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"Frederick Copleston notes that Schopenhauer's philosophy bears some resemblance to the most prominent form of Vedanta, Advaita [...] That he is acquainted with Advaita teaching seems clear from his reference in the Manuscript Remains to Windischmann's Sancara sive de Theologia Vedanticorum a book also listed by Grisebach in his catalogue of titles in Schopenhauer's posthumous library."--The Cambridge Companion to Schopenhauer (1999) by Christopher Janaway

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Kunstformen der Natur (1904) by Ernst Haeckel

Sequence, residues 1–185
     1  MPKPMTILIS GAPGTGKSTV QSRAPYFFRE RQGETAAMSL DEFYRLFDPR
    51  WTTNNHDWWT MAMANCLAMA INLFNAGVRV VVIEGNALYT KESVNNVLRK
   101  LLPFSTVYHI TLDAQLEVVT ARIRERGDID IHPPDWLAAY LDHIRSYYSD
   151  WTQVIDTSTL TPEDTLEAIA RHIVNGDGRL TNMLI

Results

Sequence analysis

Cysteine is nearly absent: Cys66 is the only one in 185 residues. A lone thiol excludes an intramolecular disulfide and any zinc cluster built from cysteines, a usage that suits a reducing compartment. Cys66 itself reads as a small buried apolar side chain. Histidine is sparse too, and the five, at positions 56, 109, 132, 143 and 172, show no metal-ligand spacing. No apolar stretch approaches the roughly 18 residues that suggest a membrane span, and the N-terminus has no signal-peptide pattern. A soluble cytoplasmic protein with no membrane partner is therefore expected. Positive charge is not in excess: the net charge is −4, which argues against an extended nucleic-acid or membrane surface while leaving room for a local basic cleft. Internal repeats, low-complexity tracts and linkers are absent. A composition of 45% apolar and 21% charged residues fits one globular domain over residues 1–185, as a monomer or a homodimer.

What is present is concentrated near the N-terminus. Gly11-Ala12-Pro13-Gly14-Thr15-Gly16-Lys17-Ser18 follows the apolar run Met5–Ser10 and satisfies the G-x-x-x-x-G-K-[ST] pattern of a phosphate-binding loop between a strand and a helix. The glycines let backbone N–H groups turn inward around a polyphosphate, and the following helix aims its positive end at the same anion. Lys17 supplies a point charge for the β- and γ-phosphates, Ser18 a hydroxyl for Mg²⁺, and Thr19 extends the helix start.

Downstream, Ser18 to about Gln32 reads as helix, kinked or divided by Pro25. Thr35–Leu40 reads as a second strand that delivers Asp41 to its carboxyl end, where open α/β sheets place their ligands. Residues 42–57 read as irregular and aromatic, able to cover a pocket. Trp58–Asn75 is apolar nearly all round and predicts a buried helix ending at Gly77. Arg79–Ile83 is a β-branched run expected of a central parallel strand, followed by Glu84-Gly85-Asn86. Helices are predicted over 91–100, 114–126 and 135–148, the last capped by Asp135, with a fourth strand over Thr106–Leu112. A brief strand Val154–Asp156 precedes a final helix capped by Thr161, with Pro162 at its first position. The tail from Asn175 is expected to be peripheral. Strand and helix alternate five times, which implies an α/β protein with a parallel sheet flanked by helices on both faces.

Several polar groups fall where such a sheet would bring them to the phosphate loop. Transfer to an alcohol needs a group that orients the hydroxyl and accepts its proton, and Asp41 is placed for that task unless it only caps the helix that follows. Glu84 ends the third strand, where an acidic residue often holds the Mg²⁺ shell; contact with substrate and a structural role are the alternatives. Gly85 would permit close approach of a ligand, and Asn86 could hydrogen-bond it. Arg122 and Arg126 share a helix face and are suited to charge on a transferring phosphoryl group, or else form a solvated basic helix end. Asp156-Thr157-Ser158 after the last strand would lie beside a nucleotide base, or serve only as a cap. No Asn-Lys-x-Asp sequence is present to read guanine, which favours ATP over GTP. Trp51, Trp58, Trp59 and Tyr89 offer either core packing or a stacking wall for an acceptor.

Kunstformen der Natur (1904) by Ernst Haeckel

Vedanta was originally a word used as a synonym for that part of the Veda known also as the Upanishads. The name is a sandhied form of Veda-anta = "Veda-end" = "the appendix to the Vedas". By the 8th century CE, the word also came to be used to describe a group of philosophical traditions concerned with the self-realisation by which one understands the ultimate nature of reality (Brahman). The word Vedanta teaches that the believer's goal is to transcend the limitations of self-identity. Vedanta is not restricted or confined to one book and there is no sole source for Vedantic philosophy.

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